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Trap Door Snares Potential Liability for New York City Deli Owner but Releases Building Owner

In 2011, a customer at the Ysidro Deli & Grocery in the Bronx fell into an open trap door in the floor which had been installed to make it easier to move goods to the store from the basement cellar. The injured plaintiff sued both the building owner and the store owner in the New York County case of Faye v. Rodriguez. The building owner moved for summary judgment to dismiss the claims against it and also moved for contractual indemnification against the store owner.

The lease of the property made the tenant responsible to take good care of the premises, make all non-structural repairs, and keep them in good condition. The landlord, although mostly absent from the premises, reserved the right to enter and inspect the premises and make repairs.

Generally, when the landlord transfers possession and control to the tenant, the landlord is not liable for negligence which occurs on the premises. The landlord can be liable, however, if it contractually agreed to maintain and repair the premises, or if it had a contractual right to enter, inspect and repair the premises and the accident was caused by a significant structural or design defect contrary to a specific statutory safety provision.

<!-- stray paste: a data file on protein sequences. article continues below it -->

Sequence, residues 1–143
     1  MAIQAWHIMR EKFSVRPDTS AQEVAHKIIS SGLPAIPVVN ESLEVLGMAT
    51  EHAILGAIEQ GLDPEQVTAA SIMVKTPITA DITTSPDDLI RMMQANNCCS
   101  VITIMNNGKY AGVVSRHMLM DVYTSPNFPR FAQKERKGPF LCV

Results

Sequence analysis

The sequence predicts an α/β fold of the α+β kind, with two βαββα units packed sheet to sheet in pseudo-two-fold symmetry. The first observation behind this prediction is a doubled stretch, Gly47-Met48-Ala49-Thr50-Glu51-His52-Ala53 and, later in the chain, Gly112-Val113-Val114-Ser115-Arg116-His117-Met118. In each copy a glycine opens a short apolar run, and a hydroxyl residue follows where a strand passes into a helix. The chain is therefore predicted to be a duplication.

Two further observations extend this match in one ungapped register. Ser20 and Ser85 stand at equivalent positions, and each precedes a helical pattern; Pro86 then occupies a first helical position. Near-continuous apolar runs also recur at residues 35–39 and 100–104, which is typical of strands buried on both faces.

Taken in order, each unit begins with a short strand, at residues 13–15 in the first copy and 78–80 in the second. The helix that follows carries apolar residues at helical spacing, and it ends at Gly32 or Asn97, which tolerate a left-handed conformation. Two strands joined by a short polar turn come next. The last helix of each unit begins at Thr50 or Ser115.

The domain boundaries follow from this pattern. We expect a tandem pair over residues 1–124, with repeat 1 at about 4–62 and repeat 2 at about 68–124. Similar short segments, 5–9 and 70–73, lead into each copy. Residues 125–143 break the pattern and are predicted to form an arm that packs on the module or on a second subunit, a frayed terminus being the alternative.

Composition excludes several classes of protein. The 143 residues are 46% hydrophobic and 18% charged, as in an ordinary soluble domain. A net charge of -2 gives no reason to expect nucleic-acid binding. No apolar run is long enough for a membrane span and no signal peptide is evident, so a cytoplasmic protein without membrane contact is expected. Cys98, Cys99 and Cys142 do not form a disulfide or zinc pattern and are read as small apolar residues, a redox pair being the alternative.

The deli owner indeed did allege violation of a couple of statutory provisions in an attempt to hold the property owner liable. However, the court held that these arguments were not properly made and also were inapplicable to the case. For instance, the store owner alleged violation of Administrative Code section 27-128 (currently 28-301.1), but this provision proved to be general in nature and not specific. Moreover, that section of law had been repealed three years prior to the accident. The other statutory provision cited was specific: Administrative Code section 507.1 Hoistway and shaftway protection requires that trap doors be kept closed and secured or otherwise protected except when being used to provide access. This provision, however, is not about a structural or design defect and so it too is inapplicable.

Finally, the lease contained a rider which required the tenant to indemnify the owner against claims of tenant negligence or use of the premises. The court saw no reason not to uphold this indemnity agreement and granted both motions of the property owner.